What in the world is that?
That’s the question I remember asking when my mother and I passed the construction of the Hindu Temple in Clayton County, Georgia. I was home from college and didn’t know about the construction. Suddenly it felt like I was in a foreign country. I found the building so intriguing.
My wordless image this week was of course is an image of the new Hindu Temple in Lilburn, Georgia, a suburb of Atlanta. The massive structure is being dedicated this weekend. Teachergirl correctly identified my image.
1. The dedication is set to coincide with the 100th year anniversary of the Bochasanwasi Shri Akshar Purushottarn Swarninarayan Sanstha sect of Hindusim. The sect was established in 1907 by guru Shastriji Maharaj.
2. The opening of the temple has drawn thousands of people to the Atlanta area for the festivities which included a parade of elaborate floats and cultural dancers.
3. The swami arrived via private plane that touched down at the Peachtree Dekalb Airport and arrived at the temple in a Rolls Royce covered with flowers. He was met by the mayor of Lilburn, Jack Bolton, who presented the swami with the key to the city. The swami in turn gave a blessing for the city.
4. Officials for the sect state the temple will be a location for devotees to meet for religious and social gatherings.
5. The temple is 30,535 square feet of carved marble, and has been compared to a wedding cake and evokes thoughts of the Taj Mahal in India. There is no metalwork or concrete in the entire structure.
6. The temple is one of the larges Hindu Temples in the United States including the ones in Houston and in Chicago. It is also larger than another temple in the Atlanta suburbs that makes its home in Riverdale, Georgia.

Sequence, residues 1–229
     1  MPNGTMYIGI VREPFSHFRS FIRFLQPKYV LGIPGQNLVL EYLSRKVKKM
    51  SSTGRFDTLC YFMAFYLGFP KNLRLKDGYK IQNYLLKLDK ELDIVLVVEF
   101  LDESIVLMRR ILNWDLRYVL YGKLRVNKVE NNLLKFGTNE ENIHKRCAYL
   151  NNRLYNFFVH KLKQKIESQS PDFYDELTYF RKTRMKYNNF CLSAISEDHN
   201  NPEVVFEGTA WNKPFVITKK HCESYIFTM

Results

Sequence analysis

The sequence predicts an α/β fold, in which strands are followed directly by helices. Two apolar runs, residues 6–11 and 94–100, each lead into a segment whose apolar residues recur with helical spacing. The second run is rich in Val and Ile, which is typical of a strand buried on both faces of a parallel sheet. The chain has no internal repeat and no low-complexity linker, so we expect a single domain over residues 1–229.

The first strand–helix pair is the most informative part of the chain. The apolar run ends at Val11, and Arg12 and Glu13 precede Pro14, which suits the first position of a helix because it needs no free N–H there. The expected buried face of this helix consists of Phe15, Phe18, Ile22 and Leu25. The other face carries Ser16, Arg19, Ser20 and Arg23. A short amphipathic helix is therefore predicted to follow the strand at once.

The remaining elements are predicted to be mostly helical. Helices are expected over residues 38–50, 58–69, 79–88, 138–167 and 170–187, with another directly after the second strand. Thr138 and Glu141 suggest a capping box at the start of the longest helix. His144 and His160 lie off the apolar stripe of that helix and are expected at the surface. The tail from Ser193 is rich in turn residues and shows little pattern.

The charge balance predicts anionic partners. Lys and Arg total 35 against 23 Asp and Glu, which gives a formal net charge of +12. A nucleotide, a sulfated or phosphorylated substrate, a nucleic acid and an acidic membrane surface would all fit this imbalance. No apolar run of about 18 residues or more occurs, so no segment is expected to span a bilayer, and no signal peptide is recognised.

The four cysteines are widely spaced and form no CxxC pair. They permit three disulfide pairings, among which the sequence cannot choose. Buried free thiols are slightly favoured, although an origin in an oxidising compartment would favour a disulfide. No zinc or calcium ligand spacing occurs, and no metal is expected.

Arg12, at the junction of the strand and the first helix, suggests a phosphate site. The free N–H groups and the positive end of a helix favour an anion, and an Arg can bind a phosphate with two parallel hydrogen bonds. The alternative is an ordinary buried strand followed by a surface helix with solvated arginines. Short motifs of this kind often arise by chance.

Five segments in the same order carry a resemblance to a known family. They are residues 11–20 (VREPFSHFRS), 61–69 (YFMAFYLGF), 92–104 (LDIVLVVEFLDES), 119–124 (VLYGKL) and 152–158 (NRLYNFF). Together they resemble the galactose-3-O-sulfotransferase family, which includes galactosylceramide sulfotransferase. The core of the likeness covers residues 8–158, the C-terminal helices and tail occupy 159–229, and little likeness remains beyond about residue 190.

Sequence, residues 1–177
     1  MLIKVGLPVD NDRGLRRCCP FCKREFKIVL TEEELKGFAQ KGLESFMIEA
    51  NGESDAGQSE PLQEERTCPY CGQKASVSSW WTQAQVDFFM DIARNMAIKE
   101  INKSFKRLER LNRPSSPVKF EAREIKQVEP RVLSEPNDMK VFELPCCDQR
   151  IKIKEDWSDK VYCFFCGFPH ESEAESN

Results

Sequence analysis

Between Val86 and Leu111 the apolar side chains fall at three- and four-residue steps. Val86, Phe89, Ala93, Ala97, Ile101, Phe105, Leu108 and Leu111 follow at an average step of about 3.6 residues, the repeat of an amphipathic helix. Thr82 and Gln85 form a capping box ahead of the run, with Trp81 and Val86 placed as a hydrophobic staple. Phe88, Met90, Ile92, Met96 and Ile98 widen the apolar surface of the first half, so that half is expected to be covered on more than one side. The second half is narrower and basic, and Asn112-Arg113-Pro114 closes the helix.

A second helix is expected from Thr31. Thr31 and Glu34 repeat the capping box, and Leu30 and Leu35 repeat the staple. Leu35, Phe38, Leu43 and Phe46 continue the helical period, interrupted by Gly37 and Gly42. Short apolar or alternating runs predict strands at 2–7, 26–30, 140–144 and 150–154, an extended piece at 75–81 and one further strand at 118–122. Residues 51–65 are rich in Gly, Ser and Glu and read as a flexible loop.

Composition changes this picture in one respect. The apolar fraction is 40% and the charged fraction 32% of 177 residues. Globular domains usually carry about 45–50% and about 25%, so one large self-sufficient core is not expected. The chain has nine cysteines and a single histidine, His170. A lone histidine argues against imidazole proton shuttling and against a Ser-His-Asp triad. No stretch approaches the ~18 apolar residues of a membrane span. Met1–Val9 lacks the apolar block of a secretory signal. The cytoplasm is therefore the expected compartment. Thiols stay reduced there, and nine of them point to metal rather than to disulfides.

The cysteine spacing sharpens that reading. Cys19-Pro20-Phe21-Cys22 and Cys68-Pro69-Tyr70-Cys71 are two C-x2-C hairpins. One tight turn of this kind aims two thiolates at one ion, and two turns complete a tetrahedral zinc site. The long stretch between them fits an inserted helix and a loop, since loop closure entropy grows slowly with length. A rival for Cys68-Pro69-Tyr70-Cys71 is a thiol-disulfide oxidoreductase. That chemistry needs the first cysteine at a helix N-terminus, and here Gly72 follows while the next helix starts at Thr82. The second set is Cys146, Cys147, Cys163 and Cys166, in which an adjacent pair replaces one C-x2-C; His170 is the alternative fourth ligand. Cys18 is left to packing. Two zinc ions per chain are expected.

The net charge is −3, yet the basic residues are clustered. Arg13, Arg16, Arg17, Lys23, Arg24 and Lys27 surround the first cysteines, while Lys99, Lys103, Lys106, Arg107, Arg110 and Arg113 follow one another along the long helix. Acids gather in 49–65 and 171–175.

7. The structure cost 19 million dollars and is the result of 1.3 million hours of volunteer consutruction. Many volunteers in the U.S. and in India put their personal lives on hold in order to volunteer to help with the construction.
8. The temple was constructed in sections of carved marble and took over two years to piece together.
9. The marble came from Italy and one source stated it was the same type of Marble Michelangelo used in much of his work. The sandstone used in the temple is from Turkey. Both the marble and sandstone made their way to Rajaskthan in western India where artisans carved the intricate designs and patterns. Some pieces are the size of Volkswagen beetles while others are as small as tiny flowers.
10. Each piece was numbered and put together much like a huge jigsaw puzzle. Hindu scripture provides the necessary lengths, widths, and heights of temples. Yogesh Patel, the designer of the temple, states it should last for 1,000 years.
11. Temple members will not know how to act once they begin their worship in the new temple. They had been meeting in a skating rink. The new temple will conduct prayer five times a day rather than twice, and it should draw worshippers throughout the southeast.
12. Naturally the temple dwarfs anything in the area including the homes within the Dickens Trail neighborhood which backs up to the temple property. Folks are being very accepting even though there has been much commotion in the neighborhood within the last few days or so. Dedication rituals include constant chanting and praying that has been broadcast over loud speakers which could be annoying. They have been chanting non-stop from early morning until dark three weekends in a row. Neighbors, however, are grateful for what is NOT on the property such as another strip mall, gas station, stripclub, or yet another Walmart. Also during the building process many of the members of the congregation have reached out to the surrounding neighbors including a delivery of candy at Christmas.
13. Public tours will begin September 1st, and I hope to be able to visit this massive structure. I’ll have to remember a few rules, however, so I don’t commit a faux paux. No hats, shorts, or tank tops can be worn in the temple. There is no smoking or drinking…not that I do that anyway. Cellphones should be placed on vibrate. There is no photography inside the mandir and shoes must be removed before entering the building.
It would seem that tours do have to be arranged through BAPS officials. Additional information can be obtained through the BAPS website.
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This thirteen was reblogged almost entirely from local newspapers and news reports. The photos are courtesy of 11 Alive News.